Whether you make kombucha at home or get it from area brewers, the fermented tea’s health benefits and tangy flavor make it an ideal replacement for juice or soda.
“I started drinking kombucha eight years ago,” says Kevin Warren, CEO of Eugene’s BNF Kombucha, which he founded in 2015. (“BNF” stands for a “billion new friends,” referring to the beneficial microbes in kombucha.) “I started feeling some of the health benefits, but I liked the taste and drank it as a soda replacement.”
Kombucha is full of beneficial organisms, minerals, and compounds, similar to other fermented foods, such as yogurt, kimchi, miso, tempeh, and kefir. From its first recorded use in China in 221 BC, kombucha has been consumed throughout East Asia, Russia, and Eastern Europe. In the last couple of decades, Oregon has become the epicenter of a kombucha renaissance.
“Eugene is one of the highest per-capita cities in the country for drinking kombucha,” Warren says. “Portland is the highest, with 72 times the number of national kombucha drunk there.”
It’s no wonder BNF’s 14 flavors are finding a receptive home. From BNF’s 4,000-square-foot brewery and tasting room on Prairie Road, Warren, his business partner, and two full-time employees brew more than 2,600 gallons a month of kombucha and jun (a beverage similar to kombucha, but made with honey instead of sugar). BNF’s products are available throughout the Eugene-Springfield area and in Salem, Corvallis, and Florence.
Health benefits of kombucha & other fermented foods
Beneficial microbes are behind the seeming magic of fermentation. Helpful bacteria, yeast, and fungi alter the food’s chemical and physical structure.
Kombucha’s benefits include B vitamins, minerals, antimicrobial organic acids, and antioxidants. A growing body of research shows that fermented foods can help people lower their cholesterol and blood sugar, decrease the risk of certain cancers, and help many of the body’s systems and processes function better, from digestion to pathogen resistance.
Kombucha’s health benefits were part of the draw for Warren to begin brewing kombucha. “My mom had a lot of digestive issues,” he says. “I wanted to help her.”
Tips for making kombucha at home
When making kombucha at home, Warren suggests you “keep it simple and go by taste.” Start by dissolving a cup of sugar or honey in three and a half cups of boiling water. Then steep eight black or green tea bags in the sweetened water. Once cooled, discard the tea bags and transfer the tea into a gallon glass jar. A cup of kombucha from a purchased bottle (raw, not pasteurized) provides the SCOBY (symbiotic culture of bacteria and yeast) needed to transform the tea into kombucha. Many kombucha supplies (and other fermentation supplies) are available at the Home Fermenter.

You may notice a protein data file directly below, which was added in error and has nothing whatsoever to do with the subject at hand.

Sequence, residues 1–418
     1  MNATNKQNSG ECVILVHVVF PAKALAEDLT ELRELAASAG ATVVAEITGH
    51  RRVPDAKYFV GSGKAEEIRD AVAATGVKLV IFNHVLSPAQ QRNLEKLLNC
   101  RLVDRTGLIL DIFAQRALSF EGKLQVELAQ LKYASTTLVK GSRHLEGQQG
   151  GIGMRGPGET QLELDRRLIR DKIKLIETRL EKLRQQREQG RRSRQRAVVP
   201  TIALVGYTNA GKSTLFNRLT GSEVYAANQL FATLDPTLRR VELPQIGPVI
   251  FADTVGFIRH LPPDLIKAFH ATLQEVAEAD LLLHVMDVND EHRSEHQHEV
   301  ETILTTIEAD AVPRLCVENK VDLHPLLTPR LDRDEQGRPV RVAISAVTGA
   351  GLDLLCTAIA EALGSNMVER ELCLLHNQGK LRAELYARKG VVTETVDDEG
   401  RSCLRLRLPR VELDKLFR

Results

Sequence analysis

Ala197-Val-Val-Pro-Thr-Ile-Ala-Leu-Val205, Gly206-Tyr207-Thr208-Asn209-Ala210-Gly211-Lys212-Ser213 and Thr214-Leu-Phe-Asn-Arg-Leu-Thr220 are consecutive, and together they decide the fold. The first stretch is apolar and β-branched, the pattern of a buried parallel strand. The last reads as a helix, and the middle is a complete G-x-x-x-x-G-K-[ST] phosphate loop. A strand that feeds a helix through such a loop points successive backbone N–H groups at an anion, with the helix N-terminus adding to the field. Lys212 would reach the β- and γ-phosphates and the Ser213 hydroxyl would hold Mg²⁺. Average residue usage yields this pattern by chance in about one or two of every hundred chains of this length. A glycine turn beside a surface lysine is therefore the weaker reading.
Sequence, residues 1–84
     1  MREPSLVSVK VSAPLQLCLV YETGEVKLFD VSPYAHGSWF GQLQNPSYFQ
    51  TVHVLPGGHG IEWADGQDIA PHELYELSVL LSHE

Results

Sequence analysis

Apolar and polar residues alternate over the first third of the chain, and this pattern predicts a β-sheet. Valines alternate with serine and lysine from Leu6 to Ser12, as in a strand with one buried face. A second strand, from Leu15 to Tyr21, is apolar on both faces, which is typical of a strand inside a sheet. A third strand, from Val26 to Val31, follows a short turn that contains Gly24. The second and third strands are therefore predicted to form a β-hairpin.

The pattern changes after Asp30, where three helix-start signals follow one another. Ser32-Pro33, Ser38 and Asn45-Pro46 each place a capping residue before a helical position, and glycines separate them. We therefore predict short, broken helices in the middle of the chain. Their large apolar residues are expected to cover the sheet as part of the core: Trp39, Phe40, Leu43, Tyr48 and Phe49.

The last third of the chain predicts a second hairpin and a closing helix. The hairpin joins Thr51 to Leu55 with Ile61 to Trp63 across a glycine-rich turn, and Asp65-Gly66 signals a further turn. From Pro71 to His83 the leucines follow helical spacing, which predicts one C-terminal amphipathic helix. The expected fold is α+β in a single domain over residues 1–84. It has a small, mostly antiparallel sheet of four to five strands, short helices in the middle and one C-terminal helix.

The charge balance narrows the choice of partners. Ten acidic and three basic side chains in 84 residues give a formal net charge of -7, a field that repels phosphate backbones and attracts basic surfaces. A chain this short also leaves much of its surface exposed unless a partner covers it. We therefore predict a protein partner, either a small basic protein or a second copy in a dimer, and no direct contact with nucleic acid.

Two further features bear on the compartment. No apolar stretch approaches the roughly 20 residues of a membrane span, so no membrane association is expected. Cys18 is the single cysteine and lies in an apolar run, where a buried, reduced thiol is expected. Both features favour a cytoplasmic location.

“Make sure that start is really strong,” Warren says. “It’ll taste like vinegar. Don’t skimp on the start. Use a full cup. That’ll get it going and prevent competing microorganisms like mold from growing.”
Cover the jar with a cloth (such as a tea towel) and secure with a rubber band. Ferment at room temperature for seven to 10 days.
Initially, you may see some “white stuff on top,” Warren says. Don’t panic. “People think it’s mold, but it’s actually a SCOBY forming,” he explains. “That’ll form into a nice, translucent disk. Wait for a week to see if it’s mold or SCOBY.”
After a week, you can taste-test your kombucha to determine if it’s to your liking (the longer you brew it, the less sugary and more vinegary it tastes). When it’s ready, uncover the jar and remove the SCOBY. Add flavorings (such as spices, ginger, fruit, etc.) to the bottom of the jar. Infuse for two days, then decant into clean swing-top bottles.
The end result is a tangy, refreshing, carbonated fermented tea. And yes, kombucha also contains alcohol, a natural byproduct of fermentation. Commercial, non-alcoholic kombucha keeps the alcohol level under 0.5 percent by law. Homebrewed kombucha might contain up to 3 percent alcohol, but, to put that in perspective, a mild beer contains at least 4 percent.
Enjoy kombucha straight, or mix with your preferred fruit/veggie juice or sparkling mineral water. From there, start your next batch.
“Don’t re-use the same culture over and over again,” Warren says. “Use a clean culture. Every batch grows a new one.”
BNF Kombucha and Jun, Brewery & Tasting Room, 2495 Prairie Rd., Unit A, bnfkombucha.com
Home Fermenter, 123 Monroe St., Suite A, 541/485-6238, homefermenter.com